Summer Employment in the Ag Industry
Summer Employment in the Ag Industry

Summer Employment in the Ag Industry

By Kate Sauser

University of Saskatchewan Master’s Student


Yet another summer (a very dry, warm one!) has come and gone and with that, the end of summer employment and back to school for my graduate degree. Within the ag industry, there are vast opportunities to secure summer employment in many different sectors. For me, I spent my summer months working as a Summer Sales Associate with BASF, a well-known ag company that sells InVigor canola seed and various chemicals. I was based out of Moose Jaw, SK, and my territory covered most of the southwest region of Saskatchewan.


Overview of my Position With BASF

With this summer job, I experienced many different aspects of the agriculture industry. I will start this by saying BASF treats their students very well, and I was well equipped with a company truck, phone, iPad, credit card, and laptop (one of the many perks of working a summer job within the agriculture industry!). When I started my position in May, once onboarding was complete, I was handed a list of 25 key growers in my area that I had to work with throughout the summer. Another perk of this position was all the independent work and really being able to make the job how you want it to be.

With the list of 25 key growers, my job was to create specialized crop protection plans with them, help them figure out solutions to best fit their needs, and offer agronomy help as well by scouting their fields for any issues that may arise with our products. To establish good connections with these growers, I would start by introducing myself over the phone, then eventually making my way out to their farm with a lunch and some drinks to talk about all things farm related. This was one of my favourite parts of the job as I got to sit with the farmers and listen to their stories while gaining a better understanding about what their needs and expectations with our products may be. I know going out to farms of strange people you have never met may sound scary, but I found this to be an amazing opportunity to work on social skills and cold-calling skills.

Another key part of my position was attending retail events all around the province for our company. With my retail representative, we would often bring lunches out to different retails that we sold our products to such as Cargill, Richardson, Hawks Agro, and many more. Retail events also included a lot of golf days, so I had to figure out how to swing a club semi-properly and not just Happy Gilmore every swing I take. My advice for all students who are seeking out a summer position: maybe take golf lessons!!


Skills That I Learnt

During the 4 months that I worked as a Sales Associate, I gained many valuable skills that I will carry forward and apply in other parts of my life. My top three skills I learnt were conversational skills, organizational skills, and general product knowledge skills. Conversational skills are very important in this position because you need to have the ability to strike up a conversation with anyone at anytime about literally anything. Usually, farmers love to chat about the weather, so that is a great place to start. Organizational skills were also an essential part of this position because I worked on my own time, which meant I had to organize every single day and create my schedule on my own. If you didn’t stay on top of things, you’d be very behind on your work. Lastly, general product knowledge skills tied everything together that I needed to succeed in this position. By having general product knowledge skills, I was able to sell products to my customers and know exactly what I was talking about to best recommend a product to suit their needs.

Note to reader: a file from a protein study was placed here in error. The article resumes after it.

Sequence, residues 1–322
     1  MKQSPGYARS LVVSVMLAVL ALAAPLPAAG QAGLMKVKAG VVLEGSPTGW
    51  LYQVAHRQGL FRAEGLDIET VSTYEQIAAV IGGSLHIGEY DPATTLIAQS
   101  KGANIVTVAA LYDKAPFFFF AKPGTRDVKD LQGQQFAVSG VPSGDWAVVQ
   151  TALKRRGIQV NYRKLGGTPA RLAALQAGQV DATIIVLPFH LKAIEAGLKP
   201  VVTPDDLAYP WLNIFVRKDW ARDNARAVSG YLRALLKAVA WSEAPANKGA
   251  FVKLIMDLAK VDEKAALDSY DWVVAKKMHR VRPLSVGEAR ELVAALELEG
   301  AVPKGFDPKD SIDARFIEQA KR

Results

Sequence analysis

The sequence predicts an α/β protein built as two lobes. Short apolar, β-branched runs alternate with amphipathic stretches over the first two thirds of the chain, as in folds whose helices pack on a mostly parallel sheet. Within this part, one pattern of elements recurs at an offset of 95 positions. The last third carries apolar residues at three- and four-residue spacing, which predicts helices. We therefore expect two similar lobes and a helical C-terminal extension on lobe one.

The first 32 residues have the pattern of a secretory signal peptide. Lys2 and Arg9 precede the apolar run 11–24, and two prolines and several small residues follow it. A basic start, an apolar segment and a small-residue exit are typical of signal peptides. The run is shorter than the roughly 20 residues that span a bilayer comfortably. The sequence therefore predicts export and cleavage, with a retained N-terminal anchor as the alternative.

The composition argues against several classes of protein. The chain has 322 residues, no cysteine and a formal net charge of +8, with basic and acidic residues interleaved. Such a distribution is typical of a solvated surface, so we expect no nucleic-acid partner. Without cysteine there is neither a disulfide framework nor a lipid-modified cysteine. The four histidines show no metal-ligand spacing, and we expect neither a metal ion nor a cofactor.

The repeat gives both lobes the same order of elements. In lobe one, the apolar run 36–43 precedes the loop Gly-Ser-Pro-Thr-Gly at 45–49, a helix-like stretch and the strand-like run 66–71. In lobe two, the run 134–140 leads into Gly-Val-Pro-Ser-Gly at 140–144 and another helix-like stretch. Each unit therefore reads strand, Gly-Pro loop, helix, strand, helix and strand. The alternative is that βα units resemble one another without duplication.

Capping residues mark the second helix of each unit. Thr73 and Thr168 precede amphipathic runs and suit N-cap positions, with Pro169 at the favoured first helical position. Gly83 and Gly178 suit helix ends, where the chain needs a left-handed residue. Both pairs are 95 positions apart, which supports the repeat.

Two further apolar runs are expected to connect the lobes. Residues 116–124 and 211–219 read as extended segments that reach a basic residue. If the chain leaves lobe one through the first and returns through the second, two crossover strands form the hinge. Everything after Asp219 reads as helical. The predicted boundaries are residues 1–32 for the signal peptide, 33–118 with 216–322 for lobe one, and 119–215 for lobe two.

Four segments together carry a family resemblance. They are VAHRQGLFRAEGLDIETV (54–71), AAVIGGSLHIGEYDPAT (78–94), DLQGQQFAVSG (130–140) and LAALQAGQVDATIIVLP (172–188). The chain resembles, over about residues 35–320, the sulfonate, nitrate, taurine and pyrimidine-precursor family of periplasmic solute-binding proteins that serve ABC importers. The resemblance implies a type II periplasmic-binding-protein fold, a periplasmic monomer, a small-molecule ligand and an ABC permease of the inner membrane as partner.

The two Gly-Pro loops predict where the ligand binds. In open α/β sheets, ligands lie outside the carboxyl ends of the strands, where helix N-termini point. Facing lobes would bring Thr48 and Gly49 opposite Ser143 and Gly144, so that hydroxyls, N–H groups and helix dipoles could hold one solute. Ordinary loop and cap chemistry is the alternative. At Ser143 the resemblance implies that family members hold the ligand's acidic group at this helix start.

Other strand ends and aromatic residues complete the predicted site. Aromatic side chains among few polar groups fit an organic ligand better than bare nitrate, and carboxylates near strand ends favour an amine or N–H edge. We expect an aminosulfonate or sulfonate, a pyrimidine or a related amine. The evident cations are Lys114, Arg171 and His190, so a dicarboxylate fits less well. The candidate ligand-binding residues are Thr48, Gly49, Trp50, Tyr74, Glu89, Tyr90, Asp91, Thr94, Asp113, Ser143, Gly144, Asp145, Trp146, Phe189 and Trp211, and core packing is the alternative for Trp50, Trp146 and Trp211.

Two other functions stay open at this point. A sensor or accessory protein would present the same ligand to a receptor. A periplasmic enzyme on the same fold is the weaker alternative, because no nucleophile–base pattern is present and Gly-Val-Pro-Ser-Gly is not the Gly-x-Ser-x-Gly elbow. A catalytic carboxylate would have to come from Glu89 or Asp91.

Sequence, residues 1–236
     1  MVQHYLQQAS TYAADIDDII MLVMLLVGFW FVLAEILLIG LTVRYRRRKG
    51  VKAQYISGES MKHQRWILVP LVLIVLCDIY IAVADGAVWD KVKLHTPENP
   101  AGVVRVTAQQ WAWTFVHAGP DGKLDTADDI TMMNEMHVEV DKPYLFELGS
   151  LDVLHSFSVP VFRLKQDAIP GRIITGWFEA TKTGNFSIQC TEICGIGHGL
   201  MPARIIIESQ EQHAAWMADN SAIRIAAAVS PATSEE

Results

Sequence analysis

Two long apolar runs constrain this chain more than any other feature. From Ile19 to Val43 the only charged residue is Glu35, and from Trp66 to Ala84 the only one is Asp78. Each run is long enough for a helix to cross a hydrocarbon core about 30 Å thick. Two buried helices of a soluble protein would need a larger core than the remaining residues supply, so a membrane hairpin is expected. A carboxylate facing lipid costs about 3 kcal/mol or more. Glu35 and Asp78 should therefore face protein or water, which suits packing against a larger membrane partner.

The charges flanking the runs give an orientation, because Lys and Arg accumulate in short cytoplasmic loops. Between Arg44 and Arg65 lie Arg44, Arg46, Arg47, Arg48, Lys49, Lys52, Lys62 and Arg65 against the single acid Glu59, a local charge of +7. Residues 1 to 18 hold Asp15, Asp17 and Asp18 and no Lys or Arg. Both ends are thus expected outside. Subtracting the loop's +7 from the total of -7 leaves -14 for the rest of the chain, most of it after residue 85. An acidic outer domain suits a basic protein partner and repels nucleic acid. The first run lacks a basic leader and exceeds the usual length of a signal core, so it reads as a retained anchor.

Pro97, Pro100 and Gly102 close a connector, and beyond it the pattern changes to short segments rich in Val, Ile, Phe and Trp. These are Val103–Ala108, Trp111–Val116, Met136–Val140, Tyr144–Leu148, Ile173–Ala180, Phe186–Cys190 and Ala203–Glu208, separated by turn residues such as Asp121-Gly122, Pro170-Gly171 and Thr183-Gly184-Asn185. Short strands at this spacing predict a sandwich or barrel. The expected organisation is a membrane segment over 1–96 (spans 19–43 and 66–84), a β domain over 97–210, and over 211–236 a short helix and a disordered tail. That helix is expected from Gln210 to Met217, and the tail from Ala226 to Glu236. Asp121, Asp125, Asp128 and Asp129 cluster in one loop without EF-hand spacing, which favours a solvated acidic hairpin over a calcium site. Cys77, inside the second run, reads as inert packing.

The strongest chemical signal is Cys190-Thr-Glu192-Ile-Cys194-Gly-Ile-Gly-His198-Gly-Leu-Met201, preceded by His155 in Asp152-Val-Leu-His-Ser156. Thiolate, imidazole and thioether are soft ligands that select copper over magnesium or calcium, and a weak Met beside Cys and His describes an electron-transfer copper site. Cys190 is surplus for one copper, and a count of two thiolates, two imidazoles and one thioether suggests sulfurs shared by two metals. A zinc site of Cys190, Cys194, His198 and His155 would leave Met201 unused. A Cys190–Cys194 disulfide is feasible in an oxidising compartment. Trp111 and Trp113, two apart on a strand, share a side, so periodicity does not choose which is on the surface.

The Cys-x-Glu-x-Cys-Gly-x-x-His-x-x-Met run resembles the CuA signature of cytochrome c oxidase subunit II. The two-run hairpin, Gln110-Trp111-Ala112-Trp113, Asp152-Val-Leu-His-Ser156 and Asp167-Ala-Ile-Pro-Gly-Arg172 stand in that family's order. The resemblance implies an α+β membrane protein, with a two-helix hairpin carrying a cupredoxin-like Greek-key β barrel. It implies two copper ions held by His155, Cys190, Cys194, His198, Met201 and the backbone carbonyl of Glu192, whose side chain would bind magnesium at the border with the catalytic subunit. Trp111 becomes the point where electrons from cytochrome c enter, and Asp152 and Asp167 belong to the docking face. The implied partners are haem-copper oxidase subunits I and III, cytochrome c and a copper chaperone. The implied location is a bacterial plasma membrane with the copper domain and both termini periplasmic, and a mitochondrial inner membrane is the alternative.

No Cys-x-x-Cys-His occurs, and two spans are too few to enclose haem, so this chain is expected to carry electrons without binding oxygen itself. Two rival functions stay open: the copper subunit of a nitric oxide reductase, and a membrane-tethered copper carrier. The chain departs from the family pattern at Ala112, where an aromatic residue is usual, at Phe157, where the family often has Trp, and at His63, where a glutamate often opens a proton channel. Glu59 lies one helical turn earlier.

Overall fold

Why Summer Positions in the Agriculture Industry?

This is a simple question for me to answer. First, you do not have to come from a farming background to pursue a position in the ag industry. I think it is a great idea for students who don’t have a farming background to pursue agriculture positions because they gain a better understanding for the industry. Most summer positions also hold potential of maintaining a position with that company after you are done your degree. Summer positions are also great exposure to more opportunities; positions in the agriculture industry hold the potential for many worldwide connections. I have found myself making lasting connections in every one of my summer positions that still carry on to this day.

Second, working within the ag industry is gaining experience that will look great on your resume for other positions not only in the ag industry. While there are only two reasons here, these are the main reasons why I would encourage all students, not only those in ag, to pursue summer employment within the ag industry.




Summer Employment in the Ag Industry 1

Kate is currently a first year Master’s student under Dr. Stuart Smyth’s supervision. She is originally from Churchbridge, SK., where her family has a mixed cattle and grain operation. Her studies will investigate how agricultural greenhouse gas emissions and carbon sequestration impact sustainability within Saskatchewan. Before joining Dr. Smyth’s team, Kate completed her B.Sc degree in Agribusiness at the University of Saskatchewan in 2023.